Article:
Bloomberg is targeting suburban and right-leaning districts, often in expensive media markets. In Duluth, Minn., which has one TV market and five delegates, Bloomberg dropped $900,000, while no other candidate topped $20,000. Bloomberg can pay the premium in Los Angeles and San Diego – he spent more than $30 million on TV in those two cities alone – to reach suburbs such as Orange County that flipped to Democrats in 2018.
Biden picked up a much-needed win in the South Carolina primary on Saturday –and much-needed cash, raising $10 million over the weekend. But it may not be enough.
Biden spent less online in February than any other candidate. The campaign reserved its first Super Tuesday TV spots last week, the last major candidate on air in those states, and made only one six-figure buy between Alabama, Arkansas, Georgia, North Carolina, Tennessee, Texas and Virginia.
Biden is focusing on southern states, where dollars go further and African-Americans are a higher share of the electorate. He won 64% of African-American voters in South Carolina.
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Can Politicians And The Ad Industry Learn To Speak The Same Language?
There is a huge education gap between media executives and the legislators and regulators behind new privacy laws.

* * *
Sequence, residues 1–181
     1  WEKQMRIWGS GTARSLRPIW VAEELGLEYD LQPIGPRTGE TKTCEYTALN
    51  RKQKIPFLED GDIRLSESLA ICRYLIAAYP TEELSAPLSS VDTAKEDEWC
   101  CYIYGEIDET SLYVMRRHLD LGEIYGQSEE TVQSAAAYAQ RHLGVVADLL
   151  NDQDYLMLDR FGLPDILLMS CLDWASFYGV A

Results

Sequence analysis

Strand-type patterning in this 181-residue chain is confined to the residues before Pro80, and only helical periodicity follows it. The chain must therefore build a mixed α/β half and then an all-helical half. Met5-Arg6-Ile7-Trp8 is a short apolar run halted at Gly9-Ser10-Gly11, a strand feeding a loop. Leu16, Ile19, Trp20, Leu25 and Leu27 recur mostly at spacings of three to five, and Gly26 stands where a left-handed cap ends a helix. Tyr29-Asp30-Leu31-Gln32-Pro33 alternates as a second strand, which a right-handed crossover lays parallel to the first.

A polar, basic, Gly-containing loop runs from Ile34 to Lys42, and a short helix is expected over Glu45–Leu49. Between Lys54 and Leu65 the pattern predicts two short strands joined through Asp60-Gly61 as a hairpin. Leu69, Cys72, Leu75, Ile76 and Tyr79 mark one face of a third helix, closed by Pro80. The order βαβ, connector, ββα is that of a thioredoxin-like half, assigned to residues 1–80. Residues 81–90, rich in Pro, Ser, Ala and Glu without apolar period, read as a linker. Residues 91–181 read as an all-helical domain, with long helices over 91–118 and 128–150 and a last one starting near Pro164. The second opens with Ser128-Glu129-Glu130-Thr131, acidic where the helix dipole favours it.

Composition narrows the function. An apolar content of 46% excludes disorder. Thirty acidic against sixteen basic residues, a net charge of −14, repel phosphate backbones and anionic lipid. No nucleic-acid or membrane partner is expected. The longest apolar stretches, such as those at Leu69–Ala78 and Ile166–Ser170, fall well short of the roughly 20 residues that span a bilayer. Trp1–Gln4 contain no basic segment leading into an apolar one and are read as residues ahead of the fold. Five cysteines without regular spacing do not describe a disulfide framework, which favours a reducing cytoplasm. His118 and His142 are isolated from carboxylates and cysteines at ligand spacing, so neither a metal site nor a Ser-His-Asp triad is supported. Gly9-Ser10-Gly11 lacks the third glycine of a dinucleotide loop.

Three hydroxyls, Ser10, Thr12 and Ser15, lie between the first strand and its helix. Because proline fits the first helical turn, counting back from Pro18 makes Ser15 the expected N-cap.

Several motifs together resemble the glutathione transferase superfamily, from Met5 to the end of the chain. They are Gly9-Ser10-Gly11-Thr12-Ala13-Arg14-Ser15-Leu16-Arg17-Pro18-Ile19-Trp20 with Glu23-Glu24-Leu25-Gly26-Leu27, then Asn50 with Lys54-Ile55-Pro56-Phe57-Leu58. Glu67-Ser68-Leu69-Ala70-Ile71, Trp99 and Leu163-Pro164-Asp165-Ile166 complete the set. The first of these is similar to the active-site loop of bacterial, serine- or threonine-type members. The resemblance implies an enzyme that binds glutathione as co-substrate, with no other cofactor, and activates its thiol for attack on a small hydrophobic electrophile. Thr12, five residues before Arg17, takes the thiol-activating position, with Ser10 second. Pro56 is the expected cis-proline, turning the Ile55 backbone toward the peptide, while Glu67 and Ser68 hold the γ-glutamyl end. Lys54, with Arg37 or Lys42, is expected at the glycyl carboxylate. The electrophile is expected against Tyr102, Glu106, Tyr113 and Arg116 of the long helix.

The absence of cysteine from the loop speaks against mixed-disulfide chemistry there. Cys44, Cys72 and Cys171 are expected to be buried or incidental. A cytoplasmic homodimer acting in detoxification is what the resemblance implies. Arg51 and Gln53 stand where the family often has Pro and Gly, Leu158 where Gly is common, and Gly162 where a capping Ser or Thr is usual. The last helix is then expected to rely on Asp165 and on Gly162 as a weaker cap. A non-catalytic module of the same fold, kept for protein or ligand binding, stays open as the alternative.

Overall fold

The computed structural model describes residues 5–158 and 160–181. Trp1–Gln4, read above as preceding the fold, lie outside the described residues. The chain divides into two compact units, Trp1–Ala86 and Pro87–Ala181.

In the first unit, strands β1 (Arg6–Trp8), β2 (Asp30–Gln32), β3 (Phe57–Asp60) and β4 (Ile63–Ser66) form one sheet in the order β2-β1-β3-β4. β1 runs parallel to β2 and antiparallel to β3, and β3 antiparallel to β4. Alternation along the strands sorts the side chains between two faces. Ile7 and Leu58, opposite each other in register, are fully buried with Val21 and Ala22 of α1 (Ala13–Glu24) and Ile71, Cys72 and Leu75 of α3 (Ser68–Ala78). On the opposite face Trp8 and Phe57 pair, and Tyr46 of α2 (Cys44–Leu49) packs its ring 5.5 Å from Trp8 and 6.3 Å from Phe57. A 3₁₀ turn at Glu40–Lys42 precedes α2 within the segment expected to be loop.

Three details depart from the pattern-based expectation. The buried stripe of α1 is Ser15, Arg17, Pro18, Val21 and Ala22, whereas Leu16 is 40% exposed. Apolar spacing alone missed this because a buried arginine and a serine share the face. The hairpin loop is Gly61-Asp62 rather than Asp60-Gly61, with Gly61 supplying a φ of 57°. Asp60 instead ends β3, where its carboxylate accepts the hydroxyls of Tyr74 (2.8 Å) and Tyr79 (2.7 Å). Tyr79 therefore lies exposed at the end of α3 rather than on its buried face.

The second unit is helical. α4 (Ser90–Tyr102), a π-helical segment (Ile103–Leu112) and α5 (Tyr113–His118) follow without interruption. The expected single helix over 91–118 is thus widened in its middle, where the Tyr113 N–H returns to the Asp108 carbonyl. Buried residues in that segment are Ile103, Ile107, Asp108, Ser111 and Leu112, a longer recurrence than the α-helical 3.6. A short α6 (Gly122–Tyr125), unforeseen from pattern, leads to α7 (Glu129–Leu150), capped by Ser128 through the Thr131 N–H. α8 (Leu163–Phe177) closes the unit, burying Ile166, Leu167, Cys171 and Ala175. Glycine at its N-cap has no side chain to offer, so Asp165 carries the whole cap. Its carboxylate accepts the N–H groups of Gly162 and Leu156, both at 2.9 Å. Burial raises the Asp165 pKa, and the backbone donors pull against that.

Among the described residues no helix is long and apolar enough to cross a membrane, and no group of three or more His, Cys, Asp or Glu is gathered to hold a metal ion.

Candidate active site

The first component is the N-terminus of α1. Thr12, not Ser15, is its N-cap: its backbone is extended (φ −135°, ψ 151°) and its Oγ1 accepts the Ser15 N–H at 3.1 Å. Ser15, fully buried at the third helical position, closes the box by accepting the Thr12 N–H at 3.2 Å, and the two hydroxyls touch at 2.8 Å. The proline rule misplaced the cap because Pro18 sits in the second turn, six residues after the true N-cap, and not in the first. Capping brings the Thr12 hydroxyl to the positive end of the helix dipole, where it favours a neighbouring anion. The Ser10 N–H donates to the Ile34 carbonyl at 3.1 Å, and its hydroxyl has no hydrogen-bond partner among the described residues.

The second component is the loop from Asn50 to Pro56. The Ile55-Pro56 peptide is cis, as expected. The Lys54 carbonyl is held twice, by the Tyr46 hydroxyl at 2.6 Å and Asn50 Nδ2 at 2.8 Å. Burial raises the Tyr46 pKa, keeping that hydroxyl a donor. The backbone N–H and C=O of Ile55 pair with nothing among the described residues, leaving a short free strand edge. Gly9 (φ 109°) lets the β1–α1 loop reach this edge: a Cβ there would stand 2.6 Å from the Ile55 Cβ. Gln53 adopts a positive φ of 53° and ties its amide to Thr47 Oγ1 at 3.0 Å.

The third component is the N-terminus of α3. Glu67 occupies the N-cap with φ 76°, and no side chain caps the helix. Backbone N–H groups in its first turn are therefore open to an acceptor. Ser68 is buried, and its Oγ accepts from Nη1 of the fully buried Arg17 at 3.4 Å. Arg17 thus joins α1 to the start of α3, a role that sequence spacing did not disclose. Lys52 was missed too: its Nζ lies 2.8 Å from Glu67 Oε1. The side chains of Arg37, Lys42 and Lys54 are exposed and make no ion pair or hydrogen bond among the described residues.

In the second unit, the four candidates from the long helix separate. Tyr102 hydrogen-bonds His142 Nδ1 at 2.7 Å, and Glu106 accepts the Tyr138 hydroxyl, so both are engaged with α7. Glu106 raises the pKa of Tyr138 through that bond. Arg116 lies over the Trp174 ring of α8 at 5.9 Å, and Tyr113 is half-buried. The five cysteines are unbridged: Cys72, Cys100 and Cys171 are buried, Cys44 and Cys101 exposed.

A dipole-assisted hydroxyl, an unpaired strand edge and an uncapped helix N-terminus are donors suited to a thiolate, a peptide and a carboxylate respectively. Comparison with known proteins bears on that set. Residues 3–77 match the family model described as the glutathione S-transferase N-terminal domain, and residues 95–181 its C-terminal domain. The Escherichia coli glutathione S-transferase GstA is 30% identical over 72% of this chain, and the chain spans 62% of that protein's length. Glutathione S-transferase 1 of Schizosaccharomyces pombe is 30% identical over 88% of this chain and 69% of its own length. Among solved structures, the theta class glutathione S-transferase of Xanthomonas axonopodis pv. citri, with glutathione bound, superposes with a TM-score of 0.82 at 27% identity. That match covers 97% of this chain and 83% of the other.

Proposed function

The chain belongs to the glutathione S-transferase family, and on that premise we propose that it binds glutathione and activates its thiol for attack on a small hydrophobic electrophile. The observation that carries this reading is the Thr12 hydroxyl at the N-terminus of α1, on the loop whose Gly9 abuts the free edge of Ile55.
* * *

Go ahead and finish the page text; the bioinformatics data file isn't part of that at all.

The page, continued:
The FTC hosted fact-finding hearings on data-driven advertising last year. The Senate and House held hearings. And at campaign law conferences, digital media operators, lawyers and state commissioners are trying to learn from each other.
But the results are discouraging.
“If people in ad tech heard the questions from policy teams or regulators, they’d be appalled,” said one industry exec.
Government officials often don’t understand the distinctions between publishers and vendors, he said. Even some elected politicians don’t understand basic First Amendment issues for content posted on sites or social media.
“There’s a not-unjustified perception that the folks writing political advertising laws are regulating areas they don’t understand,” said Brendan Fischer, director of federal reform at the advocacy group Campaign Legal Center.
The education gap runs both ways, though.
Some DSPs default to restrictive state laws and don’t understand disclosure laws, according to political agency executives. DSPs sometimes request excessive information for TV or think the law requires disclosures for every kind of ad and mobile message.